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Title:
GRIP FOR BALL-BAT HANDLE AND KNOB HAVING MULTIPLE DEGREES OF HARDNESS
Document Type and Number:
WIPO Patent Application WO/2017/070122
Kind Code:
A1
Abstract:
A grip or cover for a sporting-good implement, such as a ball bat, includes a knob portion generally positioned around a knob of the bat, and a handle portion generally positioned around a handle region of the bat. The handle portion may be formed from a material that is harder than the knob portion. The knob or part of the handle region may include a grooved surface to engage with the grip to help retain the grip to the bat. In some embodiments, a method of manufacturing a bat or other sporting-good implement includes positioning a portion of a handle or knob in a mold and providing an elastomer in the mold to cover the portion of the handle and knob. In some embodiments, different portions of the elastomer may be cured at different temperatures to provide different material properties, such as different degrees of hardness, to those portions.

Inventors:
LONG, Keenan (3500 Willow Lane, Thousand Oaks, California, 91361, US)
DOUGLAS, Grant (3500 Willow Lane, Thousand Oaks, California, 91361, US)
Application Number:
US2016/057556
Publication Date:
April 27, 2017
Filing Date:
October 18, 2016
Export Citation:
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Assignee:
EASTON BASEBALL/SOFTBALL INC. (3500 Willow Lane, Thousand Oaks, California, 91361, US)
International Classes:
A63B60/06; A63B49/08; A63B59/50; A63B60/14
Foreign References:
US20150157909A12015-06-11
JP3117102B22000-12-11
US3972528A1976-08-03
US5904803A1999-05-18
US6652398B22003-11-25
US20050143203A12005-06-30
Attorney, Agent or Firm:
CARREYN, Rodger (P.O. Box 1247, Seattle, Washington, 98111-1247, US)
Download PDF:
Claims:
CLAIMS

What is claimed is:

1 . A sporting-good implement, comprising:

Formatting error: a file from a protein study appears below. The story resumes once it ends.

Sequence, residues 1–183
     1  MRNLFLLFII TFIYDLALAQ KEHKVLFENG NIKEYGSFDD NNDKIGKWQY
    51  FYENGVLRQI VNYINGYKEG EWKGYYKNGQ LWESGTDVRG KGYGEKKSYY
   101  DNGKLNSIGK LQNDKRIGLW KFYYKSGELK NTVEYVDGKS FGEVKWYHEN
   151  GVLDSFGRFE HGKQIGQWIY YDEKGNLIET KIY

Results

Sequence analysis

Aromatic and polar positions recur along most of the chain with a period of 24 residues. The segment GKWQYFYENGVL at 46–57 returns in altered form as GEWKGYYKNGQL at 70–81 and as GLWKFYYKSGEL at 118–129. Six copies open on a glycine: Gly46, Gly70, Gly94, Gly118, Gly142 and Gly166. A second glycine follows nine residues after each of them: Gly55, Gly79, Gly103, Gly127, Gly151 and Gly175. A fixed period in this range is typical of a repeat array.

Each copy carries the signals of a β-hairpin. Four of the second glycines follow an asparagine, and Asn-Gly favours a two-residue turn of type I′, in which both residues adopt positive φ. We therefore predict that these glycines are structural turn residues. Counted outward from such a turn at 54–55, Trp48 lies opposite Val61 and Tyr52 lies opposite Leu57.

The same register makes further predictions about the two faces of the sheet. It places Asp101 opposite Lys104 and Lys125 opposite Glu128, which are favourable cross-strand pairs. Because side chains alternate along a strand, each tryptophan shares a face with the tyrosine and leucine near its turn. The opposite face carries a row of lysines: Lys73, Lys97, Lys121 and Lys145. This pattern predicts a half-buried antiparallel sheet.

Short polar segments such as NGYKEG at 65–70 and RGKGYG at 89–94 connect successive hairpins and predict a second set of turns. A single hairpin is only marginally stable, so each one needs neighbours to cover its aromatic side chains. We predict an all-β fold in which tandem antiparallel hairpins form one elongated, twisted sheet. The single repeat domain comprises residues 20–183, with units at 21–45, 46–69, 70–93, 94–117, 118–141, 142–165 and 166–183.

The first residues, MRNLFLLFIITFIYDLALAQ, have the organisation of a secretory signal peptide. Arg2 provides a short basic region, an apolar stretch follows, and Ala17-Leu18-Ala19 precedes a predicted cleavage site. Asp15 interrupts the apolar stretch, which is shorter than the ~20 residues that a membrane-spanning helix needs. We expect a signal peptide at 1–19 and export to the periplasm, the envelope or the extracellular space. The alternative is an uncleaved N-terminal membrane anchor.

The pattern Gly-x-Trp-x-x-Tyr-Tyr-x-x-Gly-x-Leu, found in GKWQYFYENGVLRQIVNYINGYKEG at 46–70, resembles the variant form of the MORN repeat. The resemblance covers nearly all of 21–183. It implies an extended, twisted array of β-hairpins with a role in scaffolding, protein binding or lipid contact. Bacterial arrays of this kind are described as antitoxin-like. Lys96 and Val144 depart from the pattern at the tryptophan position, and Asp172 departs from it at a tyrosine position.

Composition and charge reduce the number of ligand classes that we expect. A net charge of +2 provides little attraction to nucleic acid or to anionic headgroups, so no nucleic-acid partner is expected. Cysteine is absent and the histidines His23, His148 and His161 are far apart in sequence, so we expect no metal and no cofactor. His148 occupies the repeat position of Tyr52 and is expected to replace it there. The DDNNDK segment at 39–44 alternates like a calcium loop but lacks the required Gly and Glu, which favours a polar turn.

a body including a handle region;

a knob at a distal end of the handle region; and

a grip including:

a knob portion positioned over the knob; and

a handle portion positioned over at least a portion of the handle region;

wherein at least a portion of the handle portion has a higher hardness than at least a portion of the knob portion.

2. The sporting-good implement of claim 1 wherein the knob portion and the handle portion are formed from the same material.

3. The sporting-good implement of claim 1 wherein the knob portion extends partially along the handle region.

4. The sporting-good implement of claim 1 further comprising a grooved surface area positioned to engage an interior region of the grip.

5. The sporting-good implement of claim 4, wherein the grooved surface area comprises one or more grooves in the knob.

6. The sporting-good implement of claim 1 wherein the grip is formed from materials comprising one or more of silicone, urethane, rubber, and polyurethane foam.

7. The sporting-good implement of claim 1 wherein the sporting-good implement is a ball bat including a barrel region attached to or integral with the handle region.

8. A grip for a sporting-good implement, comprising:

a knob portion configured to be positioned around a knob; and

a handle portion adjacent to the knob portion;

wherein the knob portion is formed from a first material having a first degree of hardness, and the handle portion is formed from a second material having a second degree of hardness that is different from the first degree of hardness.

9. The grip of claim 8 wherein the first degree of hardness is less than the second degree of hardness.

10. The grip of claim 8 wherein the second material comprises the same material as the first material cured to a different hardness.

1 1 . The grip of claim 8 wherein one of the first and second materials comprises one or more of silicone, urethane, rubber, and polyurethane foam.